Swiss cigarette prices will not rise over the coming years unless manufacturers increase the underlying price. On Tuesday, Switzerland’s Council of States (upper house), withheld permission to allow the Federal Council (cabinet) to continue hiking the tax on smokes.
From 2005 to 2015, the price of Switzerland’s best selling cigarettes rose from CHF 6 to CHF 8.50. Of this increase only CHF 0.90 cents related to tax. The rest, CHF 1.60, came from an increase in the underlying price. The tax has fluctuated between 52.8% (2015) and 56.7% (2009) of a packet over this period.
Every 10 cent tax increase raises roughly CHF 50 million, which is put into Switzerland’s social security pot, a fund that pays pensions and disability benefits. The total raised of between CHF 1.986 billion (2009) and CHF 2.396 billion, falls significantly short of the CHF 5.6 billion estimated health and societal cost of tobacco calculated by the Swiss Public Health Office.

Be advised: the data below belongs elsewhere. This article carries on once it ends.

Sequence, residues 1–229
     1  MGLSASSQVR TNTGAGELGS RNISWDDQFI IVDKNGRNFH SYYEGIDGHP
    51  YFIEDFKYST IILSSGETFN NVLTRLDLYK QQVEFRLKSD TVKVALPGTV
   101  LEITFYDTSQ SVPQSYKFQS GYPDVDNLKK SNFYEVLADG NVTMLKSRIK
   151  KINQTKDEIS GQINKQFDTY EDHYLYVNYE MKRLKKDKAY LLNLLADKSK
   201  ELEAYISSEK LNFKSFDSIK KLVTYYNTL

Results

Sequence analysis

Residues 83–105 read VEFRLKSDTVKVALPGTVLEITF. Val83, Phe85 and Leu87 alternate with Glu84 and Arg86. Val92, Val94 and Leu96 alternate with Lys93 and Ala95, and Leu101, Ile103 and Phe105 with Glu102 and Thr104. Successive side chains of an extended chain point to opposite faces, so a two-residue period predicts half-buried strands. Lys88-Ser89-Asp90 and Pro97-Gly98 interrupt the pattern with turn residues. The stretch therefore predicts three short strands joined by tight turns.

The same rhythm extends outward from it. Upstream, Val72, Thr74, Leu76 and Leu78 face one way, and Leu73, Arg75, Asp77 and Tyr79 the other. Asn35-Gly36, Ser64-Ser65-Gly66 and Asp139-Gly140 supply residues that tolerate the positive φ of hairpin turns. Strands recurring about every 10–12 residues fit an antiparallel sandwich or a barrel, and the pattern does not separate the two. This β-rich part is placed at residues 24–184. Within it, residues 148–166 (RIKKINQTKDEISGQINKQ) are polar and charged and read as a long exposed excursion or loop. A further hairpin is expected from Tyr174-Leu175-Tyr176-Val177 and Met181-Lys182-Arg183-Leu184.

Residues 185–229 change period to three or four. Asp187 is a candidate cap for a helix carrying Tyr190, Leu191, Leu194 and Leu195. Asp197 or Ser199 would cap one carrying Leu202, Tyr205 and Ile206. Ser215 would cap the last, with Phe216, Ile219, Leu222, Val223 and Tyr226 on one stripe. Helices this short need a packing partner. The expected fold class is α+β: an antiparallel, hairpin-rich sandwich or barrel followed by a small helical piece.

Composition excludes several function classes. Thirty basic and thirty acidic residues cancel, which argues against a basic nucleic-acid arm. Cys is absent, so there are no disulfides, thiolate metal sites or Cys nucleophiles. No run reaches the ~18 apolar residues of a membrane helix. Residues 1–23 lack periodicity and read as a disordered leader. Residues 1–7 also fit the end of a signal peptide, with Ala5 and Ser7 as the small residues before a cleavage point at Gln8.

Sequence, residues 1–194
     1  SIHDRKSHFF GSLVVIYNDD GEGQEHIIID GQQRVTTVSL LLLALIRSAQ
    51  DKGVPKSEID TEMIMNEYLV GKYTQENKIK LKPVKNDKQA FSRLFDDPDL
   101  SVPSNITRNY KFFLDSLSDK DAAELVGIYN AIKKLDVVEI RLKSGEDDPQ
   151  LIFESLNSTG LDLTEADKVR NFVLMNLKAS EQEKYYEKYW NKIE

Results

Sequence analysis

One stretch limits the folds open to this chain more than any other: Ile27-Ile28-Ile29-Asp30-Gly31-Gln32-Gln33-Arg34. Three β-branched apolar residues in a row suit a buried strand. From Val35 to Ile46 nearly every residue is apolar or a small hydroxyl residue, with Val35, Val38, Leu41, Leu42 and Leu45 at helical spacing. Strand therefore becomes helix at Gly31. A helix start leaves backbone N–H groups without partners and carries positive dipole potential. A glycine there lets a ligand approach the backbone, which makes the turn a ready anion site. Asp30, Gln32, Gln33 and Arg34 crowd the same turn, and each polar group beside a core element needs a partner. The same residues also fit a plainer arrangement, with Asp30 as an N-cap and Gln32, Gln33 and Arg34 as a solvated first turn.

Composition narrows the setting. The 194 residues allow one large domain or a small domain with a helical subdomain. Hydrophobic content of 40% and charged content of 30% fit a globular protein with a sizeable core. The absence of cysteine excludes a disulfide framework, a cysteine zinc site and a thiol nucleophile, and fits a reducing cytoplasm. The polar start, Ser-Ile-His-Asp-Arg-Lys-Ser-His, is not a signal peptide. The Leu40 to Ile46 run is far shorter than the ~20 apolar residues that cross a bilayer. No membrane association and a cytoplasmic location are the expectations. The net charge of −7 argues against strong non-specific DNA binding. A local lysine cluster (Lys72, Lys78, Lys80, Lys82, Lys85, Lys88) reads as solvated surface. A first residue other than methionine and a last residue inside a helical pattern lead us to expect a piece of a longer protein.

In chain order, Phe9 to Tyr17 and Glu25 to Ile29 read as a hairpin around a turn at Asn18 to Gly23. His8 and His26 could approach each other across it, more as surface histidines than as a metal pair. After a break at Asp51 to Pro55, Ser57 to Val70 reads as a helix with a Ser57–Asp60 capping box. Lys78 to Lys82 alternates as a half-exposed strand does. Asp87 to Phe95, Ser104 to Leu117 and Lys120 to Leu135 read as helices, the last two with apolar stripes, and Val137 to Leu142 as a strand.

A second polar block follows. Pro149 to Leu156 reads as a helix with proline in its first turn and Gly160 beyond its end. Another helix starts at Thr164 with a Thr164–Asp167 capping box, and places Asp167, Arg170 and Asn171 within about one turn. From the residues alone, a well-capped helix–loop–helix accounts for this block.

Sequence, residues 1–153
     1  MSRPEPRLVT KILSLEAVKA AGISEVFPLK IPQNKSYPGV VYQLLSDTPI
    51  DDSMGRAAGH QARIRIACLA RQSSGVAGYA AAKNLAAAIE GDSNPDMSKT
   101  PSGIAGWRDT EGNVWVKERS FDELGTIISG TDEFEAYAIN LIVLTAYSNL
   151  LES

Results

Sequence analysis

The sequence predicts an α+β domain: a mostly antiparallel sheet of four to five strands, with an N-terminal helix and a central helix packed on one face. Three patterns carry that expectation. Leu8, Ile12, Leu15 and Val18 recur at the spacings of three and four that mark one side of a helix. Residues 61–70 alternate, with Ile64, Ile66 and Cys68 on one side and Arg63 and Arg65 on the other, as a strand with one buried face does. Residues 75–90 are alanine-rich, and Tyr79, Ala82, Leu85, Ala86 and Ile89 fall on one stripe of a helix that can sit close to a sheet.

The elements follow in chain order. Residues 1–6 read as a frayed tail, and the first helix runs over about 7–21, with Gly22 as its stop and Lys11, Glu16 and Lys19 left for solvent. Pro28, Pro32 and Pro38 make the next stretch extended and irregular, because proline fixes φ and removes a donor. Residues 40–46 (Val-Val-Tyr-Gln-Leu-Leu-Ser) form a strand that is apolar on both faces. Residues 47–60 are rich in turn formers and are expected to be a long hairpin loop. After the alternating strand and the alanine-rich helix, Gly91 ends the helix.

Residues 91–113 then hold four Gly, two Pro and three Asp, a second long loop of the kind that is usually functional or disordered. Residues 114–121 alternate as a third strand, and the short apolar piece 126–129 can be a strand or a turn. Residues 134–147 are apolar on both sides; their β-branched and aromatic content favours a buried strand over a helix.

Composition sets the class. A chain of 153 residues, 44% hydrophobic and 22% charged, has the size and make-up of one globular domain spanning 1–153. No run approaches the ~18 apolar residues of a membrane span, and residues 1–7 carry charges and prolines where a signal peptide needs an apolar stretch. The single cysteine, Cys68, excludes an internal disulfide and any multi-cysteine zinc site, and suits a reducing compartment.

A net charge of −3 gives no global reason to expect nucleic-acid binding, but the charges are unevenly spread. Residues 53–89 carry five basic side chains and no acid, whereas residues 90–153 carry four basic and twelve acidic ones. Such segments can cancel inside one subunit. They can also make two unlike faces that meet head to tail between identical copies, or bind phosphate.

The last time the Federal Council raised the tax was by 10 cents in 2013.
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The reasoning presented by the Council of States for stopping the tax increases was the rise of the Swiss Franc. The upward shift in the currency has made Swiss cigarettes relatively expensive. The same packet is now cheaper in France (7.64), Germany (6.42), Italy (5.67) and Austria (5.34).
To combat smoking in Australia, the government plans to push the price of a packet of cigarettes to AUD 40 (CHF 30) by 2020, according to the Independent newspaper. The current recommended retail price for a pack of 25 is around AUD 27 (CHF 21). Australia’s tough stance on smoking seems to be working. In 2015, only 14.9% of Australians over 15 smoked, compared to 23.2% in Switzerland1. Switzerland had a higher smoking rate in 2015 (23.2%) than Australia had ten years earlier in 2005 (20.5%) – see PDF.
A detailed study in 2010 shows that smoking tobacco was the second biggest death risk in the US, after poor diet. That year in the US, tobacco smoking took more than 450,000 lives, and led to an average of over 11 years of disability – see chart.